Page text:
LEAD Action News

LEAD Action News Vol 1 no 4 Summer 1993   ISSN 1324-6011
Incorporating Lead Aware Times ( ISSN 1440-4966) and Lead Advisory Service News ( ISSN 1440-0561)
The journal of The LEAD (Lead Education and Abatement Design) Group Inc.

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Two Toddlers and No Car

by Sally Lewis

Sally Lewis is a town planner by profession - Thinking Globally and Acting Locally.

When we bought our house in Summer Hill (8 kilometres west of the city of Sydney) several factors were important to us. We loved the size of the house, even though it was a total wreck, and we wanted to be close to the railway station. Not only is the house close to the station, it is also close to shops, the bank, doctors, and so on. As we had had experience living in the suburbs of Campbelltown (50 kilometres south-west of the city of Sydney) where we relied heavily on our car, and also close to a rail station in Bankstown, we knew what a difference being close to transport and shops made. The full implications of our decision became obvious over the next few years when I had to manage with two small children and no car.

Shortly after moving to Summer Hill we sold our car. Our first child was still only eighteen months old and our second baby had just been born, our house was a mess and I definitely did not want to return to work. We found we just could not afford to run the car anymore. I had never liked driving, and in fact had not driven our car for about four months before we sold it, so it was no wrench for me. We were lucky - my husband leased a new, comfortable car from his employer which we did have access to, but only after work hours.

After the car was gone we felt terribly relieved. We did not have to worry about it breaking down or crashing or filling it with petrol or paying the rego or insurance. In our precarious financial position this feeling was wonderful.

I began to make use of all the facilities within a two year olds walking distance from home. I shopped at the local centre, we went to the doctor directly across the road from our house, we used the local hairdresser, the local bank, the baby health clinic two doors down and the accountant on the corner. I took the children to the local community centre for Playgroup and dance class. I joined local women's groups and Nursing Mothers. I regularly visited the local park. As a result, all of the friends my children and I made were living within our local area.

If an event was important we always found that there was someone who would be happy to give us a lift, and my neighbours occasionally lent me their car. Sharing cars like this makes good sense, and if carried out on a larger scale would have benefits for the environment and people's bank accounts. I did try to reciprocate in the evenings or on weekends whenever possible.

As you can imagine, there were things that I could not do with two babies and no car. For example, weekly expeditions for fruit and vegetable shopping are now done by my husband on his way home from work or during his lunch hour. I don't go running around paying bills but instead pay by mail or by phone and then reimburse my Bankcard at the local autobank (a one minute walk away). I can't go to the supermarket every week so we rely on the local butcher for our day to day food needs. We may get to Franklins every four to six weeks, when we stock up on cleaning goods, dairy products and dry goods. Because we are not exposed to a lot of the goodies at the supermarket or mall, we don't buy, saving money and the planet, too, I suppose. There are some social events that the children and I have missed out on, and we have not been able to take the kids to all sorts of classes held during the week outside of the local area. Some friends, classes and destinations have just had to wait until the weekend.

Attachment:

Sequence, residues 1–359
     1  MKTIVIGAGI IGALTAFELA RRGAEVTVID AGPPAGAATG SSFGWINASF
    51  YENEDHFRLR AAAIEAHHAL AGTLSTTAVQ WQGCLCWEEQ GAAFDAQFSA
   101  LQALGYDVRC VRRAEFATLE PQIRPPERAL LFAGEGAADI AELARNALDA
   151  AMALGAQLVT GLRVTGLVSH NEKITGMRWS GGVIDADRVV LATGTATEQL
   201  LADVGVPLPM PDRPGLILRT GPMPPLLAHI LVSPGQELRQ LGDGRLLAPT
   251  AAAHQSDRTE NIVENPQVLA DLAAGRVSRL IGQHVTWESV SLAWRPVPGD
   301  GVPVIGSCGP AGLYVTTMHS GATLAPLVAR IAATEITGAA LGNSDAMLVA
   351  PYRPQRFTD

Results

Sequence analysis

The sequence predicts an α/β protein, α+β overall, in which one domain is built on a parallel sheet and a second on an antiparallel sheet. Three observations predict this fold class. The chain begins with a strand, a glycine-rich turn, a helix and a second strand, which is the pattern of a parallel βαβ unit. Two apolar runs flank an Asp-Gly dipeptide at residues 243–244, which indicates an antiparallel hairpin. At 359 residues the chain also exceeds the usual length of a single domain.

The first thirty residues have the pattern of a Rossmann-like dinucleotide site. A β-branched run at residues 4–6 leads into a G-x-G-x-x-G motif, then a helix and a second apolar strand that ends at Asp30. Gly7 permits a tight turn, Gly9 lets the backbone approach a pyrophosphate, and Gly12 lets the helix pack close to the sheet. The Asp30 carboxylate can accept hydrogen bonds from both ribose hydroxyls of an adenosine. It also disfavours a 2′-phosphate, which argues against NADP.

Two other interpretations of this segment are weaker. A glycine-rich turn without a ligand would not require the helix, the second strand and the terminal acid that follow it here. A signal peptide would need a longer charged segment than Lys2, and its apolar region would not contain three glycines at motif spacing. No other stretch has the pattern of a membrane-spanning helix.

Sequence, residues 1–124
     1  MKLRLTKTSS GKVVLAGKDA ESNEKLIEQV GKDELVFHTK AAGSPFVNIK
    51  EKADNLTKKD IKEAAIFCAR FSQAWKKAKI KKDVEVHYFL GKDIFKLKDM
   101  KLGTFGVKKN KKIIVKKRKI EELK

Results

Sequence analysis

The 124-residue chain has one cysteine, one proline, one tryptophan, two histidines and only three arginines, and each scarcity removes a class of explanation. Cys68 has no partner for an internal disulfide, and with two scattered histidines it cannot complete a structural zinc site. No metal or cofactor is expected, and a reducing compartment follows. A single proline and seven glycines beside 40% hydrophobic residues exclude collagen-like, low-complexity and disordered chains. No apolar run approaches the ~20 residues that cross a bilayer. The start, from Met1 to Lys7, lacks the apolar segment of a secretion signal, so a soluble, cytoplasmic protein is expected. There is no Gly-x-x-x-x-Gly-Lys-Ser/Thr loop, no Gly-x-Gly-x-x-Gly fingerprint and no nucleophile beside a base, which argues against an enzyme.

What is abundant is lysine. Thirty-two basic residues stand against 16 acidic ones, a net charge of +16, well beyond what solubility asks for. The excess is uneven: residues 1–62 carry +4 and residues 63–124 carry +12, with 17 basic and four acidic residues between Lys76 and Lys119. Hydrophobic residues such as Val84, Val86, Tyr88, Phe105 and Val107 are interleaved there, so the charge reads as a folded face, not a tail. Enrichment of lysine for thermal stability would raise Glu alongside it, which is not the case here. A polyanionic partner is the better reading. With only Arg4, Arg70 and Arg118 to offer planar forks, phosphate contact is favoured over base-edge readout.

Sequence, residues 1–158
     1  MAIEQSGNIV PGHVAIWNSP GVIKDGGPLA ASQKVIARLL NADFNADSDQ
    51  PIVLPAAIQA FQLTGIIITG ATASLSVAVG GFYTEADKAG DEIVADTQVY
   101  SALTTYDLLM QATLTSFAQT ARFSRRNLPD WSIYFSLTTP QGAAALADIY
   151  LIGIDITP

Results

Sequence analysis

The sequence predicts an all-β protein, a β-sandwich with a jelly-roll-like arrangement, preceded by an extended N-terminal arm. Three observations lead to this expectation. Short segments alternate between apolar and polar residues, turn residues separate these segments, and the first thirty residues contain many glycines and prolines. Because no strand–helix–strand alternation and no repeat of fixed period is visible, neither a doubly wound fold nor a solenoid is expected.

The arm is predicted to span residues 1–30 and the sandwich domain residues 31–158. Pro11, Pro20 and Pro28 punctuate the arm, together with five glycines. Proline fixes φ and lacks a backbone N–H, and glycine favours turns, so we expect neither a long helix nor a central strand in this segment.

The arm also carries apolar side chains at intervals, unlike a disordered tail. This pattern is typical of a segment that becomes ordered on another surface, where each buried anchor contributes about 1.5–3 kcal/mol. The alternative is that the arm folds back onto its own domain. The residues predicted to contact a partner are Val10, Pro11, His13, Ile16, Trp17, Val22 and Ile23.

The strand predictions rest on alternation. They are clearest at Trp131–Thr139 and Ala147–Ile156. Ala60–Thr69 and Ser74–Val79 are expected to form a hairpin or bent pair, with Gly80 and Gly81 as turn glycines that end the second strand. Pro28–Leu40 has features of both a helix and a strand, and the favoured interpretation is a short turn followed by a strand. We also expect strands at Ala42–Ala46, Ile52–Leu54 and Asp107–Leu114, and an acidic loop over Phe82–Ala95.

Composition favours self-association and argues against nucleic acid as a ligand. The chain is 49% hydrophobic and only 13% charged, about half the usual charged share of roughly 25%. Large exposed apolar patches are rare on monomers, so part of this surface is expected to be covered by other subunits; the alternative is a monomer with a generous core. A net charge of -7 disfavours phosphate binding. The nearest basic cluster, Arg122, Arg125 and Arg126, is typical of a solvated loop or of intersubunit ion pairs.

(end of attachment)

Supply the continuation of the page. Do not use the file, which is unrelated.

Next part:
I can honestly say that I do not feel like I have missed out on anything. The children have lots of friends nearby that they can visit easily, without the need for elaborate arrangements or long travelling times. They have gone to Playgroup with the same children that they go to Kindy with, similar to growing up in a country town. We have had many extra hours of time together that might have been spent shopping, running errands, or in the car. All this and we have the satisfaction of knowing that we are supporting local business and community activities, and protecting the environment.

A big contributor to my satisfaction with our lifestyle without a car is the nature of the area we have decided to live in. Its high density means that activities are close enough to walk to  something we could not manage to do in Campbelltown. Also, our area is full of families with small children like ours, so there are good facilities and family orientated facilities nearby. I have not missed the opportunity to try lots of different doctors, shops, Playgroups, Kindergartens or schools because I've always been happy with what is locally available.

I am now working part-time and we could afford to run a car, but we don't really find it necessary. I don't think we will ever own a car again. As my children have grown older and needed to travel further afield to activities such as swimming they have also become old enough to travel safely in a taxi. Using taxis once or twice a week is still cheaper than buying and running a car. My kids really enjoy going on trips on the bus, train or ferry, and I believe their familiarity with public transport will result in them being more independent as they grow older.

Living without a car and with small children is possible in the right area, and, for us, has resulted in a more relaxed pace of life and a beneficial sense of belonging to a community.

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Last Updated 11 November 2012
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